Stay safe this duck season

Duck-shooters are being encouraged to keep off the booze until after locking their guns away as the season begins.

The season begins on Saturday and will run to July 31 in Otago and July 10 in Southland.

Fish & Game officer Bruce Quirey said about 4000 game licence holders hunted in Otago and every year sales surged the day before opening.

As of yesterday, game bird licence sales were slightly behind this time last year, which was believed to be down to Covid-19.

The weekend forecast was for fine weather and light wind tomorrow then a southerly change and rain developing on Sunday.

Fish & Game rangers would patrol across the region this weekend with police support.

“We want every hunter to have a safe and successful season. Always take care around firearms and water, and let’s have an accident-free weekend.”

Otago Fish & Game councillor Blair Trevathan putters his boat, which he shoots from, across Lake...
Otago Fish & Game councillor Blair Trevathan putters his boat, which he shoots from, across Lake Dunstan to prepare for the duck-shooting season. PHOTO: STEPHEN JAQUIERY
Federated Farmers vice-president Karen Williams said vehicles, firearms and water remained the key risks to duck shooters.

It was fun to celebrate opening day, but people needed to stay responsible.

"Leave the beers or whisky until after the firearms are locked away."

Otago Fish & Game councillor Blair Trevathan said it was looking to be a good season.

Breeding had gone well and duck populations were good.

Changes to the Arms Act which included new rules for transporting firearms were moving in the right direction, but could prove challenging for some shooters.

He had been shooting with his father since he was seven-years-old and had seen many changes in the way people hunt.

The biggest change was the introduction of social media, which allowed people to explore beyond their home ponds and discover new hunting techniques.

It was a positive change, as the diversification allowed duck populations to be more sustainable.

He would spend opening weekend hunting with his father. Beyond that, he would take out a group of children who did not have parents in the hunting community.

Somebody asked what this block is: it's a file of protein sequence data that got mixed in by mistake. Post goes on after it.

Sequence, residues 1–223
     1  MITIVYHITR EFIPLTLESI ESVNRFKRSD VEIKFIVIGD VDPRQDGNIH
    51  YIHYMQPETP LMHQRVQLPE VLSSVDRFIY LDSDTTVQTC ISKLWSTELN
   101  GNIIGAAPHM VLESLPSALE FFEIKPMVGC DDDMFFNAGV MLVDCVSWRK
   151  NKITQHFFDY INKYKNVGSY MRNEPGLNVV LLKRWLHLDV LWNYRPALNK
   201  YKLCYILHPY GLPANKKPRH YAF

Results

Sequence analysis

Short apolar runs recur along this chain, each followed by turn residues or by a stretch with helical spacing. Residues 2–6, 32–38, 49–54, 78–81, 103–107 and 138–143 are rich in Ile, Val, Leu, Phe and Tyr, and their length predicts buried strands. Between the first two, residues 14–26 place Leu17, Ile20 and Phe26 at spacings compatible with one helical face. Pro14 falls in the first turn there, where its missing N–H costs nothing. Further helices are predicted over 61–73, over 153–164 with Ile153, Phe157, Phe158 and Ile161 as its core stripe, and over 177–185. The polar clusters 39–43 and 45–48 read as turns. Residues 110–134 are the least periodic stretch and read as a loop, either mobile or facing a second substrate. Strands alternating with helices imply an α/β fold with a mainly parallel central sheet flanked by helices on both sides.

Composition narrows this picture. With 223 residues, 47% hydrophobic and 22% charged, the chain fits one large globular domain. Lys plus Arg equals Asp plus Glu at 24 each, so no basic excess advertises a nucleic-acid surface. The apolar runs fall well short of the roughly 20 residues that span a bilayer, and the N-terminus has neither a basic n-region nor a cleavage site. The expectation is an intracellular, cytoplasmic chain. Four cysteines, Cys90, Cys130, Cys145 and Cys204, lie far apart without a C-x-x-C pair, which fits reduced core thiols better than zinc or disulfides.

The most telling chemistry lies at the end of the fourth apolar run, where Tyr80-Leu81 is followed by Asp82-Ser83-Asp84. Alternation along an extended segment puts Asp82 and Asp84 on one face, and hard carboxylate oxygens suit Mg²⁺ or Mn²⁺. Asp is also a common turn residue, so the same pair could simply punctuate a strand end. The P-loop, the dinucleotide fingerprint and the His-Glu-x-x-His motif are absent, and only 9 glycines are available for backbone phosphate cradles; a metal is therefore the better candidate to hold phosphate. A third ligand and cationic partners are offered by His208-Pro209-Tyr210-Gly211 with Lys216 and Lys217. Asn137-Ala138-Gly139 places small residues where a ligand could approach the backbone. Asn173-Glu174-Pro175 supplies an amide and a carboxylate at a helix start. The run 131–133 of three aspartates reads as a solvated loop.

He hoped to see others doing similar things, as the tradition of waterfowl hunting was important to keep alive.

It was not about shooting as many birds as possible, it was about enjoying the outdoors New Zealand had to offer.

Safety tips from police

Police and Fish and Game will be out and about to ensure everyone has a safe and memorable opening weekend. Police would like to remind everyone to:

• Hunter should refresh themselves with the Seven Firearms Safety Rules and to ensure their firearms are in safe working order.

• While most hunters make sure safety is paramount in hunting activities, it pays to take time to ensure safety practices are up to scratch and that all your gear is in good, safe working condition.

• As most of the season’s shooting accidents happen on opening weekend, a safe and sensible attitude on the day can ensure a successful season for all and puts you in the best position to hunt safety and have a good time when you’re out.

• Keep alcohol until after you’ve finished shooting and your firearms and ammunition are safety locked away.

• Anybody handling a firearm should always treat it as loaded; that means always pointing the firearm in a safe direction and keeping your trigger finger outside the trigger guard.

• When your firearm is not in use, police would encourage hunters to unload the firearm and insert a chamber flag into the breech.

• When travelling with firearms make sure you are complying with the updated transport rules.

• Please make sure your firearms are not left unattended in your vehicle. The last thing you need is to have your firearms stolen and them ending up in the hands of criminals.

• Visit Mountain Safety Council resources for further reminders and safety advice.

Comments

DUCK SHOOTING.
BOOM!!
man shows once again his might
as another frightened bird
crumples up in flight
and plummets
headfirst
to the ground
impacting
with the sound
of breaking bones
and ripping flesh
and lying there
a last view
through the grass
of the sky
the dog sees the life
leave his eye
and picks him up
just as he dies.

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